Key literature from our Scientific Founder and Clinical Advisory Board Members: Van Helleputte L, Kater M, Cook DP, Eykens C, Rossaert E, Haeck W, Jaspers T, Geens N, Vanden Berghe P, Gysemans C, Mathieu C, Robberecht W, Van Damme P, Cavaletti G, Jarpe M, Van Den Bosch L. Inhibition of histone deacetylase 6 (HDAC6) protects against vincristine-induced peripheral neuropathies and inhibits tumor growth. Neurobiol Dis. 2018; 111:59-69.

Neurodegenerative disorders

In addition to peripheral neuropathies like CMT, our HDAC6 asset has potential applications in neurodegenerative disorders of the central nervous system, such as amyotrophic lateral sclerosis (ALS). ALS is an incurable disease in which the motor neurons controlling the muscles gradually die off, resulting in muscle weakness, muscle wasting, and eventually paralysis and death.

In approximately 10% of cases, ALS runs in families, but most of the time, ALS is not inherited. Over 20 genes are currently linked to the disease. Several of these genes are implicated in axonal transport. Moreover, cellular inclusions containing the protein TDP‑43, which are found in most ALS patients, are associated with defects in axonal transport.

Similar to what is observed in peripheral neuropathies, HDAC6 inhibitors are very effective in restoring axonal transport in diseased neurons of the central nervous system. Moreover, experiments in mutant TDP-43 motor neurons have demonstrated that HDAC6 inhibitors can counteract the early stages of TDP-43 pathologies, such as TDP-43 mislocalization and the accumulation of insoluble TDP-43. Based on these insights, we are developing a new generation of safe HDAC6 inhibitors that is suitable for long-term use and is able to cross the brain-blood barrier.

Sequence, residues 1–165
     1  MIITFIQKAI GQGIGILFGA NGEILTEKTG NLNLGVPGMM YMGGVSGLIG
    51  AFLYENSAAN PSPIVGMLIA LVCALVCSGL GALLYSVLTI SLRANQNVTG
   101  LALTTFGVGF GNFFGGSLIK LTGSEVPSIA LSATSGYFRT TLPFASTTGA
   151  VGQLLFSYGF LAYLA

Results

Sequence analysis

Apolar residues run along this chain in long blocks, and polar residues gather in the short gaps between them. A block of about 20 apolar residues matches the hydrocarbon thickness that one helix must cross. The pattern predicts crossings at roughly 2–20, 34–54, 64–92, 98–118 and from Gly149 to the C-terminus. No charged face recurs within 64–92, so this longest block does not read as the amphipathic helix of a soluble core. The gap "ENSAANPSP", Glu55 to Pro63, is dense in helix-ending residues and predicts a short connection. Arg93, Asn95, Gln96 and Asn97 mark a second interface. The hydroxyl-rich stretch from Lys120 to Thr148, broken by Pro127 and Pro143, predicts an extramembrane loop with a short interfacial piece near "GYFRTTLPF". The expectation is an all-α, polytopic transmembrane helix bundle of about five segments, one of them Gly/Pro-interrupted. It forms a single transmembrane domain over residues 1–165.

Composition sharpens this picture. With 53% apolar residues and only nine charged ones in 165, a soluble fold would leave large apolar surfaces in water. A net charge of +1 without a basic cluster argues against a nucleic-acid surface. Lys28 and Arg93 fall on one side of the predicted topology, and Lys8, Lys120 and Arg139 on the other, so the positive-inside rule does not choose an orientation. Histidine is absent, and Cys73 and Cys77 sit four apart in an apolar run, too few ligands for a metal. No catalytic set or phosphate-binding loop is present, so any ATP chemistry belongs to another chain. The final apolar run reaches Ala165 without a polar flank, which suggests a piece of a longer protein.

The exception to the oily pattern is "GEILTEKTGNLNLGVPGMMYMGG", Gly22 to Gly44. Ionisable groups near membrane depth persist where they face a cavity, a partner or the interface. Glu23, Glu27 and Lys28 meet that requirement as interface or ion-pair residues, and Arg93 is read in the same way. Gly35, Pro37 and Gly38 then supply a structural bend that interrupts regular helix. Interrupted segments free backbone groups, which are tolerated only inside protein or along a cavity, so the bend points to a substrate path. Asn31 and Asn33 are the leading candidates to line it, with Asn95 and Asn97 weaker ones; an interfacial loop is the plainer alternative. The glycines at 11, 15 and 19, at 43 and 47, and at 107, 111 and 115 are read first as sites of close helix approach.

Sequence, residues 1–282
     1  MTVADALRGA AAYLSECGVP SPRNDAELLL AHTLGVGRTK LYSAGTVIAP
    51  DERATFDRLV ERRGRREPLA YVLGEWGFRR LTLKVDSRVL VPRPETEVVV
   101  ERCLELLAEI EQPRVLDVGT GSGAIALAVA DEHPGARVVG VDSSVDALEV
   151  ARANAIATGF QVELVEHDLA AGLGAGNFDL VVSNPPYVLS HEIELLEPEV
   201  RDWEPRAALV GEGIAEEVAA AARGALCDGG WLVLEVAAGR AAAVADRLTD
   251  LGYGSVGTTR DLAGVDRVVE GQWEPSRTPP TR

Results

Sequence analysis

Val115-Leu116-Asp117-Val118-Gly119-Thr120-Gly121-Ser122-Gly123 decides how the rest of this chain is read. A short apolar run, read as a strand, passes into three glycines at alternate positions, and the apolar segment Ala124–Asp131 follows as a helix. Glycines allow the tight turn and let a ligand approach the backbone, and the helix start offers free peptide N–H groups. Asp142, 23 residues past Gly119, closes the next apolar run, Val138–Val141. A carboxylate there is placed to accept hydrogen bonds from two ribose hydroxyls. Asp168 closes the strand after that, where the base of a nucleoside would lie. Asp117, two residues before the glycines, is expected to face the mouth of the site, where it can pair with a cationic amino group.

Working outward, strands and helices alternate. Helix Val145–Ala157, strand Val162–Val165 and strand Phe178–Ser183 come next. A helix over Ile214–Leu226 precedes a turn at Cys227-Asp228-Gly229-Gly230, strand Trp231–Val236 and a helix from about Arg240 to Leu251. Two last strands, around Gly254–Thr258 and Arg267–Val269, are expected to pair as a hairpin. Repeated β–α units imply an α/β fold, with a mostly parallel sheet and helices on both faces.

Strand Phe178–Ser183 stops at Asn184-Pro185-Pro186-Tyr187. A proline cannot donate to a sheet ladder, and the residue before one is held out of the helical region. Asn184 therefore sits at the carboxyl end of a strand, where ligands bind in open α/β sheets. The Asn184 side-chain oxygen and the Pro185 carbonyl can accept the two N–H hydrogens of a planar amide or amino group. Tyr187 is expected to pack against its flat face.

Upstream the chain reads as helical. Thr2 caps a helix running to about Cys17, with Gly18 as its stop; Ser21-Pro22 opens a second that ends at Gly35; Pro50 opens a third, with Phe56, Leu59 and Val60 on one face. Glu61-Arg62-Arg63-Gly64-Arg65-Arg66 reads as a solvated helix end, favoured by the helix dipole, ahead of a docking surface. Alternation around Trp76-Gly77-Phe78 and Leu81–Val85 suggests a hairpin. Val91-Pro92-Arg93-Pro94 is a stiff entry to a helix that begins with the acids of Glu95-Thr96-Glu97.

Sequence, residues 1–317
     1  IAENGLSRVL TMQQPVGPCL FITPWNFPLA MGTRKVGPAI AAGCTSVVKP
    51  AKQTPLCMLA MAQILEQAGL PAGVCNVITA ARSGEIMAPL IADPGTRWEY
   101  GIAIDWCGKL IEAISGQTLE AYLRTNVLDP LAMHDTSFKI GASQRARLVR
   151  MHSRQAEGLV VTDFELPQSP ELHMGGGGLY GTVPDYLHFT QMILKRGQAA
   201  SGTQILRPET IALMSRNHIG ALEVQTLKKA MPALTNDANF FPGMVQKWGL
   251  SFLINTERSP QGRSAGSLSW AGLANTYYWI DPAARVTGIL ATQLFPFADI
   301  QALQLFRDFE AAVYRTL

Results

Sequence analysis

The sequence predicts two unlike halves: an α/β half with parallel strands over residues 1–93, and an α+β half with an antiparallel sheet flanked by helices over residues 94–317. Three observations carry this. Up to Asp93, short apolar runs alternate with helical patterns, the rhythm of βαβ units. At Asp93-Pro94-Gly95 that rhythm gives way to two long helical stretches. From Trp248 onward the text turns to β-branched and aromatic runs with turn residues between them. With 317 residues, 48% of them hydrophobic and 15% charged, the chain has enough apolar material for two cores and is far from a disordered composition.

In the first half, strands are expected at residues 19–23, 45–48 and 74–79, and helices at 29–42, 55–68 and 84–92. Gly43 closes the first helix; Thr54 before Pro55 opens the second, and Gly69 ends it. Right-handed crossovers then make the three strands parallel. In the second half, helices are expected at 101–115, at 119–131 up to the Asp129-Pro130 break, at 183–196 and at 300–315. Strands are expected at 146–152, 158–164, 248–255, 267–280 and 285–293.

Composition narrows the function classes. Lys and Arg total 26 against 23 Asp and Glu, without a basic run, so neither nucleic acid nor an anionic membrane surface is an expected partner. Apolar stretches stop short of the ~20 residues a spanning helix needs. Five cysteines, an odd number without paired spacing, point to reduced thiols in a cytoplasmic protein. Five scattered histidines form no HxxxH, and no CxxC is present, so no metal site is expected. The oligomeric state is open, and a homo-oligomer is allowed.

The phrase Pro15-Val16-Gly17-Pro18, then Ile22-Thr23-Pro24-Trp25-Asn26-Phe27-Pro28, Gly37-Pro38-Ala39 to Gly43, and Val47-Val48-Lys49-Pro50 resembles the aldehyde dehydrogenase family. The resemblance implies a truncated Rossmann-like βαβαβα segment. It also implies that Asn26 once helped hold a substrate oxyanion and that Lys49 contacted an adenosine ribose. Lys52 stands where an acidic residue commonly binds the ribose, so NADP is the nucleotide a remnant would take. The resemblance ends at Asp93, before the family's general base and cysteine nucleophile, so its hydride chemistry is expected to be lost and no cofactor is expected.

Key literature from our Scientific Founder and Clinical Advisory Board Members:

  • Stoklund Dittlau K, Krasnow EN, Fumagalli L, Vandoorne T, Baatsen P, Kerstens A, Giacomazzi G, Pavie B, Rossaert E, Beckers J, Sampaolesi M, Van Damme P, Van Den Bosch L. Human motor units in microfluidic devices are impaired by FUS mutations and improved by HDAC6 inhibition. Stem Cell Reports. 2021; S2213-6711(21)00160-0.

  • Fazal R, Boeynaems S, Swijsen A, De Decker M, Fumagalli L, Moisse M, Vanneste J, Guo W, Boon R, Vercruysse T, Eggermont K, Swinnen B, Beckers J, Pakravan D, Vandoorne T, Vanden Berghe P, Verfaillie C, Van Den Bosch L, Van Damme P. HDAC6 inhibition restores TDP-43 pathology and axonal transport defects in human motor neurons with TARDBP mutations. EMBO J. 2021; 40(7):e106177.

  • Rossaert E, Pollari E, Jaspers T, Van Helleputte L, Jarpe M, Van Damme P, De Bock K, Moisse M, Van Den Bosch L. Restoration of histone acetylation ameliorates disease and metabolic abnormalities in a FUS mouse model. Acta Neuropathol Commun. 2019; 7(1):107.

  • Guo W, Naujock M, Fumagalli L, Vandoorne T, Baatsen P, Boon R, Ordovás L, Patel A, Welters M, Vanwelden T, Geens N, Tricot T, Benoy V, Steyaert J, Lefebvre-Omar C, Boesmans W, Jarpe M, Sterneckert J, Wegner F, Petri S, Bohl D, Vanden Berghe P, Robberecht W, Van Damme P, Verfaillie C, Van Den Bosch L. HDAC6 inhibition reverses axonal transport defects in motor neurons derived from FUS-ALS patients. Nat Commun. 2017; 8(1):861. | soon production